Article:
Xavier Holliday, a hip-hop artist from Chicago who makes music under the name XVRHLDY (misspelled on the cover of this release, it seems), has released his sophomore project Need To Know II: Luna, the followup to last year’s first volume. Setting out to “blur the stigmas people associate with hip-hop artists,” my initial impression of Holliday was that he seemed to be repping the same “alternative Chicago” sound of Lucki Eck$ and Mick Jenkins, trying to fight out of the shadow of drill luminaries like Chief Keef and Lil Durk while also attempting to avoid the media presence commanded by Chance the Rapper. The shadowy woman masturbating on the album cover made me think back to House of Balloons, and I went into this mixtape not knowing what to expect.
The aesthetics of this album are mostly uniform. Production tends towards boom-bap, although some tracks have a more synthesized and even trap-inspired sound than others. Holliday uses vocal effects sparingly and rarely anything other than added reverb or chorus, although “Maccu Picchu” and “New To Me” do feature heavy voice modulation. The lyrics range from somewhat political on “Marithe Francois Girbaud” to familiarly gangster on “Black Alabaster,” the latter song also serving as the mixtape’s biggest single and arguably best track.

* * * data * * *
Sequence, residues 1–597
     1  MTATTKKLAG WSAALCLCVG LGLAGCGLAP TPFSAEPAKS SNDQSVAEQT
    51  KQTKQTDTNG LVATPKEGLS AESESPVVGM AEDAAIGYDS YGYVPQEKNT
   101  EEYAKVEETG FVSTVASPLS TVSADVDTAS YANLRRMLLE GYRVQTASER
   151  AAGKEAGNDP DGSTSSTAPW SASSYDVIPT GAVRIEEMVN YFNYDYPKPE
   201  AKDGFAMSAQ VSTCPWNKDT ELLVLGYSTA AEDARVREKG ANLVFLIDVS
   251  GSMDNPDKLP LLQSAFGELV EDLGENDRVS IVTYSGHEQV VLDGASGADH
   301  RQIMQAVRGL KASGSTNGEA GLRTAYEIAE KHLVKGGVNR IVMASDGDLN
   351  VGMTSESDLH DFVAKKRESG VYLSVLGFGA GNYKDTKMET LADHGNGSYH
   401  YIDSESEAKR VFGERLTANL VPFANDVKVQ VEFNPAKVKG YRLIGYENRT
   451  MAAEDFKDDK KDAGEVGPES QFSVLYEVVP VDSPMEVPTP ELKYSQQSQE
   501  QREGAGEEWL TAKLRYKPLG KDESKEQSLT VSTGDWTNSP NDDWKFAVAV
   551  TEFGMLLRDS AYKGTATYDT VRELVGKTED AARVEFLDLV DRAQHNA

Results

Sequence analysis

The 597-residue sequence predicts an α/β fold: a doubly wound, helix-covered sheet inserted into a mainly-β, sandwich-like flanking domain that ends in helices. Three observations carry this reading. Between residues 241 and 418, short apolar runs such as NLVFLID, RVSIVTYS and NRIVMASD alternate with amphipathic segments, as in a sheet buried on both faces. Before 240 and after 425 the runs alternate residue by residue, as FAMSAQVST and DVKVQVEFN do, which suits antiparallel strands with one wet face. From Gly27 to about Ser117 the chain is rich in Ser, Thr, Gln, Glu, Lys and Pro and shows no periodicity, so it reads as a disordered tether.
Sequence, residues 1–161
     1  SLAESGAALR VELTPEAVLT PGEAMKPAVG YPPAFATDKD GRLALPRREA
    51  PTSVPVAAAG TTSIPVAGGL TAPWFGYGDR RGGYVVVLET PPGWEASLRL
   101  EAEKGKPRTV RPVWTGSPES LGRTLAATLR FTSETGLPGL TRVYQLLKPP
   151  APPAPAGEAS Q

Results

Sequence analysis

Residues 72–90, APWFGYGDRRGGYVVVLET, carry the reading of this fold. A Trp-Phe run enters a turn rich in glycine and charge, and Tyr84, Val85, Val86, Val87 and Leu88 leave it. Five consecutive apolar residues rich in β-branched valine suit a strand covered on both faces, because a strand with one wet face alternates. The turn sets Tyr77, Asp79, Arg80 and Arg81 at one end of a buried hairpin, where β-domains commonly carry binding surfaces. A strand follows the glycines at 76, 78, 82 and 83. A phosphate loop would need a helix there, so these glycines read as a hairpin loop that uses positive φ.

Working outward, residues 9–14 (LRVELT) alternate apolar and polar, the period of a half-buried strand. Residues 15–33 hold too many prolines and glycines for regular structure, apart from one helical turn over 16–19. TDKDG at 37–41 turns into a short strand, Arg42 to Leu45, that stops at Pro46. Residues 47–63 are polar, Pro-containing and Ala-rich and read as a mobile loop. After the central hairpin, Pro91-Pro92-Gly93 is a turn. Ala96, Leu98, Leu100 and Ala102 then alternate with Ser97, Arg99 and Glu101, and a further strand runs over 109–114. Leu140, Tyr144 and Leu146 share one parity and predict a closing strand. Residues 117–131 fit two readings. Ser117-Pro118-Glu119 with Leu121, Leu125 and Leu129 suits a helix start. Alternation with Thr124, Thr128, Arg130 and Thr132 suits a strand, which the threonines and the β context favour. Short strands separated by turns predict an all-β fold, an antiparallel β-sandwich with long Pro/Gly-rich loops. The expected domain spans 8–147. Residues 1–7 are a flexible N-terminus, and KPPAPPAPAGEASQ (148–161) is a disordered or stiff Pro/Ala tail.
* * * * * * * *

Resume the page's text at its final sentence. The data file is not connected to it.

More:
Luna does represent a style of hip-hop that veers from the mainstream. The trap-inspired “Trabajo” counters an accessible beat with varying vocal delivery techniques and structures, keeping the listener on their toes. “True Enough” is also relatively progressive, although nothing on this release is as boundary-pushing as the work of Clipping, Sole, Dalek, B L A C K I E, etc. It’s not experimental hip-hop, it’s just alternative hip-hop.
Though this music is enjoyable, it feels underdeveloped. Holliday is still trying to find his voice; at 25, he’s missed the boat for being a teenage wunderkind, and more than ever before, rap is a young man’s game. There is evidence of skill in his cadence and his lyrics are indicative of an active mind. I’d like to see what he’s doing by the time his debut album rolls around, because there’s a lot of promise shown here, and I don’t want it to be wasted.